I surpassed my dream of becoming a teacher by owning my school.

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#Journey after school is a weekly series that captures Nigerian youths’ life, struggles, ease, unemployment, and employment opportunities after graduating from universities, polytechnics, and colleges.

Our interviewee is a school owner – she shares an inspiring story about her journey after school and her ups and downs. Her story is truly inspirational.

Can we meet you, ma?

Yes, my name is Olushola. I studied primary Education – Yoruba at Ijagun Tai Solarin College of Education; it was then a university. I graduated in 2006.

Wow. That’s 14years ago.

Did you go for your NYSC then?

No, NCE graduates don’t go for service. It was a three-year course.

Okay, true.

How has life after school been?

Hmm… it wasn’t a rosy one, but I was able to pull through eventually. 

Please share your journey with us.

I started teaching after I graduated at a private school. The pay wasn’t okay, but I endured because I didn’t have any other livelihood source to rely on.

The stress was much too, but I didn’t have a choice. Changing workplace is like jumping from the frying pan to fire.

Were you eventually able to do other things alongside teaching, or were you based solely on teaching alone since you graduated?

No, I relied solely on teaching till I started my startup school. 

What year did you start your school?

I started in 2015.

Please share your journey with us. I know it’s quite expensive to own a school, and judging from the pay you got from your teaching job, it couldn’t have amounted to a considerable amount, or did you get a loan?

Well, I started with lessons first before I changed it to school after two years. I used to take some small children for whom I charge their parents 50naira per day.

After two years, I realized my students are getting many; I decided to start school. I rented an apartment, employed few teachers, and things have been going smoothly ever since.

Although I still have many projects in mind for my school, we take it a step at a time.

Is it a nursery school?

It’s a nursery and primary school.

Well done ma, what has been your experience with handling a school?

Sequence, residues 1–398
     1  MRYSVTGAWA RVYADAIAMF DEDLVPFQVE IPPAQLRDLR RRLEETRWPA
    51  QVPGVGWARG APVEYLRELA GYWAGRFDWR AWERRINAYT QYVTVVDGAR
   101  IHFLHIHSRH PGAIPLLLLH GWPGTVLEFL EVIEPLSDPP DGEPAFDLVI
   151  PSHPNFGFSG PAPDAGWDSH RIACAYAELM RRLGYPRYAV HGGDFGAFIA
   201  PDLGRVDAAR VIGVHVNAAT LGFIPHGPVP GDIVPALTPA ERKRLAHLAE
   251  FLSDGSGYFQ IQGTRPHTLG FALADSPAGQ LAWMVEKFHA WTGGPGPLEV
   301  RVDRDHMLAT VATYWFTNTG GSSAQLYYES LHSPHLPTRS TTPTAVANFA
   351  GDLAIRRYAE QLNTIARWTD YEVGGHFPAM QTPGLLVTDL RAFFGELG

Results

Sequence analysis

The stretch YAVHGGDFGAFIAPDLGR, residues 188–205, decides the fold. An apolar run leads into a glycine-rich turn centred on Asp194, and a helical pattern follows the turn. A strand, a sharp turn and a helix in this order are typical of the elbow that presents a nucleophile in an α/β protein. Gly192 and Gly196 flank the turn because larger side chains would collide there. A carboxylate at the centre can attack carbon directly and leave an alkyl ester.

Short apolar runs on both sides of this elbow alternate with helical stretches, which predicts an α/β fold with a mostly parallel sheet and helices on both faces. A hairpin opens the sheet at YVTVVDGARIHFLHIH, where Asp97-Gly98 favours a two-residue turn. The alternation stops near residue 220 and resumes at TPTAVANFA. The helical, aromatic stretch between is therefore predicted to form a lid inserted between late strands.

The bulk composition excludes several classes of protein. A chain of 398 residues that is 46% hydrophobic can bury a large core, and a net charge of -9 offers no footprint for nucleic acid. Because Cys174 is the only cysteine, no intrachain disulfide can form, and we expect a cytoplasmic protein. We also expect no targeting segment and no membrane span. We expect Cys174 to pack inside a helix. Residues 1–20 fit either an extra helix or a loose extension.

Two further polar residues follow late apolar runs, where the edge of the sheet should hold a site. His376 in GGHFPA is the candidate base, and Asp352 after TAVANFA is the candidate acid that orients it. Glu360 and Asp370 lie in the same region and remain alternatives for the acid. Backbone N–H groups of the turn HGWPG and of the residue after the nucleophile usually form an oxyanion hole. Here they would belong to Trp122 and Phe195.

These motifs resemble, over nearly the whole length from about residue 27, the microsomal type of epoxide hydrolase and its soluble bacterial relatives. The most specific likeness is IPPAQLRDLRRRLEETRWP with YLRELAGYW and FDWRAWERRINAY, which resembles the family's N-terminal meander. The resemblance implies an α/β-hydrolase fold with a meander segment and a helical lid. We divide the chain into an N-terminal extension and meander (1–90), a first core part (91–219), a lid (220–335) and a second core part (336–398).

I have had both good and bad experiences. The good thing is, I’ve surpassed my dream of becoming a teacher by owning my school.

The other experiences are unavoidable – like parents who are owing School fees refusing to pay on time and getting annoyed when you send their wards home for owing and the likes.

But so far, it has been a wonderful experience.

I hope you’ve been making your gain from the school also?

Hmm, compared to when I was working for someone, it’s much better. 

At least, I have been able to live a bit more comfortably.

What made you stop working at your former workplace, and why did you decide to have your school?

Initially, I didn’t have the intention of starting a school. But there’s always a story behind everything, especially when it comes to success stories.

When I was working at my previous workplace, the proprietor gave an account of each teacher’s conduct and appraised them. 

When it got to my turn, he mentioned that I only love to work when I notice him or other people around; he used the term ‘eye-service.’ 

I was unpleasantly surprised because I never expected such backlash. I was an underpaid teacher who’ll clean the classroom after school hours, mop, and wash the students’ potties.

Before he mentioned that point, I have been equally stressed out about the work. When I went to the hospital, I was asked to reduce my stress. 

The stress level of the work, coupled with the fact that my efforts weren’t appreciated, made me think of what I could do to survive.

I thought to apply somewhere else, but fortunately and unfortunately, it didn’t work out.

Then I thought about hawking some goods. When I told one of my friends, she said it isn’t appropriate for a graduate to hawk.

She (my friend) was the one that called my attention to how good I was with students and that I could start my lesson, so that was how it all started.

My school is over five years now. 

That’s a very inspiring story; thanks for sharing this with us, ma.

What’s your advice to young graduates that are looking for employment opportunities?

My advice is to focus on what they love doing best to make a livelihood.

I’ll also advise them to learn a hand skill – Once you’re able to package your skill, people will patronize you. 

Many graduates with hand skills are now seeing that it pays off in the long run.

About the author


Mariam Olajide, mostly called by friends as 'Mori,' is passionate about reading and writing. She is a graduate of English at the Lagos State University and a postgraduate student at the University of Ibadan.
She isn't just passionate about reading and writing.

She's passionate about a world that is peaceful and free from judgementalism. As a plus, she believes in YOU - she thinks you can get lost in her blogs and be transformed for the better. *Smiles*

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